One more reminder to just keep painting when I do something that doesn't look good.

During this step I literally discovered red-oranges. For some reason I had really never gotten around to playing with red-oranges, and found several discernible hues I could reliably mix. That extended my palette enough to do a large number of unique rectangles without going all the way to red.

When I fixed all those problems, I noticed an as yet unnoticed grouping of rectangles that I wanted to repeat, so I found a similar grouping and re-colored it so it connected visually to the first one.

I've already used some of those red-oranges in another painting I'm in the middle of struggling with, so that was well worth the learning.

Friday, May 5, 2017

Exploring more orange "chords", with purples this time

Mountain Ranges
I wanted to get more experience with all the wide variety of oranges available, from yellow-orange to red-orange, and wanted to pair them with purples in a new bunch of sketches. I also wanted to play with more ideas for abstracts. This idea I had fun with a couple years ago with Volcano Country; I've always loved living around mountains, and much of my time in the western US has been with some visible from my home.

Orange and the violet used in this sketch are two thirds of a triad. For this one I threw in some single-color accents of yellow, yellow-green, and blue, just to see how they went together. Yellow-green and blue are half of a tetrad with orange (and red-violet, missing here.) I subscribe to the idea that color combinations are completely analagous to chords in music, and that you can get a lot more interesting  art when you use more complicated harmonies. Sometimes what you leave out is as important to the feeling as what you put in. But whether or not any combination actually works in a painting depends on placement in relation to the other colors, relative size, saturation, and how it supports both the subject and the idea of the painting. Only seeing and feeling it can tell you if you've hit the mark—you have to play to learn.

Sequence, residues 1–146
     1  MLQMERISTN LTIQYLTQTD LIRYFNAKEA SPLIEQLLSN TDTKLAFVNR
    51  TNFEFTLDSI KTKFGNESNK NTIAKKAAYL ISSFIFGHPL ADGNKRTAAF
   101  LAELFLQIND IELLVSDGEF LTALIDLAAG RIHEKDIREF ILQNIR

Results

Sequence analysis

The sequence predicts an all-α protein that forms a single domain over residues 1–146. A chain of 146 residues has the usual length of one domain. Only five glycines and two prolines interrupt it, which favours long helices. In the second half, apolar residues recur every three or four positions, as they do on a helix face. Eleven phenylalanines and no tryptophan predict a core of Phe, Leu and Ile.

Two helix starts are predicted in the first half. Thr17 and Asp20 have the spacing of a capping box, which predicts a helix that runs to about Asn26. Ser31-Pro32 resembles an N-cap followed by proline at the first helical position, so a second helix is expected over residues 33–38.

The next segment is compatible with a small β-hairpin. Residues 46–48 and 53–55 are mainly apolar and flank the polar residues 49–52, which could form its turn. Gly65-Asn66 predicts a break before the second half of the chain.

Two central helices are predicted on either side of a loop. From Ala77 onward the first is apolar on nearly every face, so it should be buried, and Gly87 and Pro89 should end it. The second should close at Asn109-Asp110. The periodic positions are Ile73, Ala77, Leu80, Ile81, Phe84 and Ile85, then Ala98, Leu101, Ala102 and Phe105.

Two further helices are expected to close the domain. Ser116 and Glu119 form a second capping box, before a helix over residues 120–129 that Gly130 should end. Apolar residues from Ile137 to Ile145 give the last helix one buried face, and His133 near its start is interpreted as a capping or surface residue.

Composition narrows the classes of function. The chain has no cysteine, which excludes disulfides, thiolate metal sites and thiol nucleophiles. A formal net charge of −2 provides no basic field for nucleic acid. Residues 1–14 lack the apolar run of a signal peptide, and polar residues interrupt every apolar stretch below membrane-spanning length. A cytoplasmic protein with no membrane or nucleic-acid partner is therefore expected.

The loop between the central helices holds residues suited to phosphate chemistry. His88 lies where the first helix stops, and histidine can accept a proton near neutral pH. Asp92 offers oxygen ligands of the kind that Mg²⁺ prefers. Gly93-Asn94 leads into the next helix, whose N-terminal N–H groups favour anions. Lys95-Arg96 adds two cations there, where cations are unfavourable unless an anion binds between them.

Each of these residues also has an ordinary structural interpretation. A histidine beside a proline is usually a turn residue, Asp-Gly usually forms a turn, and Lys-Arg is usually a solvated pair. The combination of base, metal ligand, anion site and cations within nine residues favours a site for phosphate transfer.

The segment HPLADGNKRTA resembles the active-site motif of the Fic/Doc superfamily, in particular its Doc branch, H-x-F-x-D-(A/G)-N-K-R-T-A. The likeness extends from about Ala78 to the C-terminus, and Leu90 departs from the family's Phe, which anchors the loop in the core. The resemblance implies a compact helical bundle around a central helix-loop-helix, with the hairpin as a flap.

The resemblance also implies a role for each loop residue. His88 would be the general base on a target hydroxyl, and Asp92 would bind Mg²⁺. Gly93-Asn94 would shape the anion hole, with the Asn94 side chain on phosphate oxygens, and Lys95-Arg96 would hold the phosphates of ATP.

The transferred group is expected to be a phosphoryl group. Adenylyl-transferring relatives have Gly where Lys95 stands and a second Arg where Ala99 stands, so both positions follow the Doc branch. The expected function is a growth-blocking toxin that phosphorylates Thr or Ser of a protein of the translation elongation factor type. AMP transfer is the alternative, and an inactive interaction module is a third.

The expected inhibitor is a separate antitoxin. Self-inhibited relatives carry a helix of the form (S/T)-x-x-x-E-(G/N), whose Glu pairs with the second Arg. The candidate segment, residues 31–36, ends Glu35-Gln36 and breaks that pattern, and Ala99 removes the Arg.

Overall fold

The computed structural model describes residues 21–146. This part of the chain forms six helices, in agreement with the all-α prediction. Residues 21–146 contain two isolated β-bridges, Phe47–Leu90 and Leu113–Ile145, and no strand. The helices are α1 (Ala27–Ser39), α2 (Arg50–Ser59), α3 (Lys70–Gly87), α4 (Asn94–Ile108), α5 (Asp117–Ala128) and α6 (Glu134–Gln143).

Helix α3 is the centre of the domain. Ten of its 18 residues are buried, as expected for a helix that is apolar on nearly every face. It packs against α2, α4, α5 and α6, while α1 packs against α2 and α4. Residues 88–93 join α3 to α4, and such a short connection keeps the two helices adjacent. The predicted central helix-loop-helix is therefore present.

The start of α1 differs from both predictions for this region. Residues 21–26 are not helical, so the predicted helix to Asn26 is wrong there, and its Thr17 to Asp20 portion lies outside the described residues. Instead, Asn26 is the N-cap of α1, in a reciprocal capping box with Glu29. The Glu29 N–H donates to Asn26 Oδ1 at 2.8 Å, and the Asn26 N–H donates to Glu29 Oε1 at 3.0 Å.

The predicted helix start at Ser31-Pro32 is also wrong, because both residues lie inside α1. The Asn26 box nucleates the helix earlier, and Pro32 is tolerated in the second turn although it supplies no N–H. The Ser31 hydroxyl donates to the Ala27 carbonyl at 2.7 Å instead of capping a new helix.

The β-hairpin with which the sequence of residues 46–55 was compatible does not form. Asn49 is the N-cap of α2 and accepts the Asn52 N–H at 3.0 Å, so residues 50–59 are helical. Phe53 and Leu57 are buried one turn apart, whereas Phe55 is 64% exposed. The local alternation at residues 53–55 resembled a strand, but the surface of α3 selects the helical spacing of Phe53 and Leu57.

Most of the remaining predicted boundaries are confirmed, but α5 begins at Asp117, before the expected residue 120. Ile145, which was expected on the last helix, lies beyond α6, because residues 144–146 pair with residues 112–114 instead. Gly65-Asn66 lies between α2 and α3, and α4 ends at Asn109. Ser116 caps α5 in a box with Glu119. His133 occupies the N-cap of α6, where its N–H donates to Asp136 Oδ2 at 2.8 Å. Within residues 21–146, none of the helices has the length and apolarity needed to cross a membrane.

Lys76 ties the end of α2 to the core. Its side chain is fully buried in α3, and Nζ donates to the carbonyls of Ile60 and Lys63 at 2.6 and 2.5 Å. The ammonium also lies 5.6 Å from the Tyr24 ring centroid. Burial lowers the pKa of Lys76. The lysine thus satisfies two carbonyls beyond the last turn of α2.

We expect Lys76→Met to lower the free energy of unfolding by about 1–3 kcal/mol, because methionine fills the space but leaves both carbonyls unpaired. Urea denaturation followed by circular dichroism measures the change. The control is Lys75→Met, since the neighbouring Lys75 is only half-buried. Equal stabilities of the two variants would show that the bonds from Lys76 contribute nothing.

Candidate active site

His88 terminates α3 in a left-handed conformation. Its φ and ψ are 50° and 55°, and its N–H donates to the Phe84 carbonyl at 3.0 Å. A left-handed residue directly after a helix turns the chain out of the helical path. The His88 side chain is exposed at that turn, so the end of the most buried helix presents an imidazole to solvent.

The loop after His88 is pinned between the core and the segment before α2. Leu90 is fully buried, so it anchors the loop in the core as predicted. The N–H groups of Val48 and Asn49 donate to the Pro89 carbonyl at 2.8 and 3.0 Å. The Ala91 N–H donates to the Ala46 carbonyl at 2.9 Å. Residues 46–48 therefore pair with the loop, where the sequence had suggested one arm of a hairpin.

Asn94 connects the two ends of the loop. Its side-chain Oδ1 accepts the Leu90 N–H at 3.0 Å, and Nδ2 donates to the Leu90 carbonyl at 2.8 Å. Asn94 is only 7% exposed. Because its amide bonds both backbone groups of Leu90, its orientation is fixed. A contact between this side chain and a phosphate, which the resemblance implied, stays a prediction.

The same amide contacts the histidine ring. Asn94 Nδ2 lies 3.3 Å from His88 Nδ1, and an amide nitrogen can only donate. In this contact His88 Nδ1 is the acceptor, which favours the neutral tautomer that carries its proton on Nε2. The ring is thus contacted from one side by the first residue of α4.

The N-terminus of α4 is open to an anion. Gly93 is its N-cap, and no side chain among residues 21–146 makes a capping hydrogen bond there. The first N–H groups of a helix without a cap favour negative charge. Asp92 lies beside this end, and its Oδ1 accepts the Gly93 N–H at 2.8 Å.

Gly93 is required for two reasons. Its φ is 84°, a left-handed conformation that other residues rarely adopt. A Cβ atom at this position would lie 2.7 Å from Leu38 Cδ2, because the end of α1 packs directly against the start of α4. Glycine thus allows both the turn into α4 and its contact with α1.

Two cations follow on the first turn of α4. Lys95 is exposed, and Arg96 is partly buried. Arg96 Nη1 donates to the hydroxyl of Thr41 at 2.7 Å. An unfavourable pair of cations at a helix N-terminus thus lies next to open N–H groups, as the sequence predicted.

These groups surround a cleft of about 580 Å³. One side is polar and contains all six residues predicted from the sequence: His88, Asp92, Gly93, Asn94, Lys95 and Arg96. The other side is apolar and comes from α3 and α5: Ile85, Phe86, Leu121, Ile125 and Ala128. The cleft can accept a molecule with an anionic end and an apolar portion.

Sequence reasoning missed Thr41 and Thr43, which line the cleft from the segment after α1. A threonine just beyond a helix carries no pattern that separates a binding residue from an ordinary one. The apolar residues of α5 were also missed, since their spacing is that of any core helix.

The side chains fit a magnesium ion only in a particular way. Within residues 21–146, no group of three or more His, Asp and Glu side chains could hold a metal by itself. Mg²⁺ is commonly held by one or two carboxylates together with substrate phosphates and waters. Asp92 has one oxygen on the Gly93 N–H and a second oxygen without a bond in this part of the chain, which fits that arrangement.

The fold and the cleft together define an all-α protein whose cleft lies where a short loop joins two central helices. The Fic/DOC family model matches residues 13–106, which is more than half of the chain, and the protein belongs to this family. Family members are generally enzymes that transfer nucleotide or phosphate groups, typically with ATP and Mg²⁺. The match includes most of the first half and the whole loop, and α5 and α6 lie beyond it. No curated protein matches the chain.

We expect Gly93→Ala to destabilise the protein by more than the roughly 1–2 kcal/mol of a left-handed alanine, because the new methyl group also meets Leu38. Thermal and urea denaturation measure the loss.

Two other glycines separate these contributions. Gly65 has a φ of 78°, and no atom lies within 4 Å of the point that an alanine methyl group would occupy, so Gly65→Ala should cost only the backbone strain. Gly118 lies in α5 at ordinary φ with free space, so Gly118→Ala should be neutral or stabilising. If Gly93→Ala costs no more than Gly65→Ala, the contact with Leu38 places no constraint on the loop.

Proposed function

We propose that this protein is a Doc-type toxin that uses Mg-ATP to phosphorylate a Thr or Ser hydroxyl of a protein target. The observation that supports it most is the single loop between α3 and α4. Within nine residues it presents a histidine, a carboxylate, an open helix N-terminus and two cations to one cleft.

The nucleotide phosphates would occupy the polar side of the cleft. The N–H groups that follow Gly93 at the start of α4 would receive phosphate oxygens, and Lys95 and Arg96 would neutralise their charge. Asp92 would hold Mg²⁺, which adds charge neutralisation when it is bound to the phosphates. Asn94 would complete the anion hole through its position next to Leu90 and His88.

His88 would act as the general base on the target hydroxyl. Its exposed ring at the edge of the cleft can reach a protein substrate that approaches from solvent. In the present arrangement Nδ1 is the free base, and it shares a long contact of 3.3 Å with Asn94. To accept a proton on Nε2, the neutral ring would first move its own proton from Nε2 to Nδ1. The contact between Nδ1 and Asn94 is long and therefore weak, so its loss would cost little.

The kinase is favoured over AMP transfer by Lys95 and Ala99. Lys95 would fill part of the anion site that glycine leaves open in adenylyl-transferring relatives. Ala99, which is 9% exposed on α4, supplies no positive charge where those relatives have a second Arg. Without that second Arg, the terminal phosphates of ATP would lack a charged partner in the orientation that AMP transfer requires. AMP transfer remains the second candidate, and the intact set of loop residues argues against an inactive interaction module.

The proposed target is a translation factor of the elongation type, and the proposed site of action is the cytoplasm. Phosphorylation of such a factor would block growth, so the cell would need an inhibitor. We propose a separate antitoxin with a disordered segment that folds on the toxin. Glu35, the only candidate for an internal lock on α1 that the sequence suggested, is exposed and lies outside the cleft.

I think if I moved these colors around in the painting I could get several different moods, as I could if I used different values. It's a mix that carries a lot of energy and seems to beg a lot of "why?" questions, which really stimulates my imagination. Orange suggests earth and sex; violet points to spirit and the higher mind. Orange feels grounded and practical; violet leans toward infinite space and unbounded imagination.

One thing for sure—I'm never going to get tired of color.

Wednesday, April 19, 2017

Morning sun and shadows in a canyon

Canyon Shadows
Yesterday after I finished the last sketch I drew this one onto another 8x10 canvas sheet. I put about 5 micrograms of paint on the bluff tops in the wrong shade of yellow green and said, anhhh, tomorrow. Restarted after lunch today, knowing it had to be more citron-ish. Went through several shades of gray before I got a good general representation of the basalt cliffs, tricky because of the late morning light and blue-sky shadows, and ended up having to wash them all with ultramarine and black before I got the value right. I also had to stand back about 12 feet when comparing it to the photo, in order not to get lost in the detail.

I had a background goal to try to finish this as quickly as I could as a sketch. My watercolor friend says she likes to finish in one or two hours, so I set a goal of two hours, but it took me three and a half to get it to this point, not counting a fifteen minute walk through the garden in the middle.

This one didn't put up much of a fight, but I really didn't set the bar very high—I wanted it loose and I was much more interested in figuring out the colors than in focusing on detail. This is based on the idea that if you get the right colors in the right places, it's going to look pretty much like your subject, and "pretty much" was right what I was aiming for.

I really want to do this one bigger at some point—it's one of my favorite shots from my trip—but I wasn't sure I could handle the detail. It wasn't a problem at 8x10 size, but it'll be a different story at 18x24 or bigger.

So I'll do more sketches first.

Tuesday, April 18, 2017

Blue & yellow color study sketch



After my experience with blues and yellows not wanting to work together on the daffodils, I thought I'd try a couple color sketches, just to play with them. I wanted to find a color combination that did look attractive to me.

For this first one I used another photo of Catherine Creek I wanted to try, and pthalo blue on land, ultramarine and a bit of dioxazine purple on the river, diarylide yellow in the sky, and diarylide plus primary yellow on the far hills. As soon as I added a couple tints of the blue, it looked like a late evening in winter, which was a surprise, and I was surprised to see how almost realistic the colors look.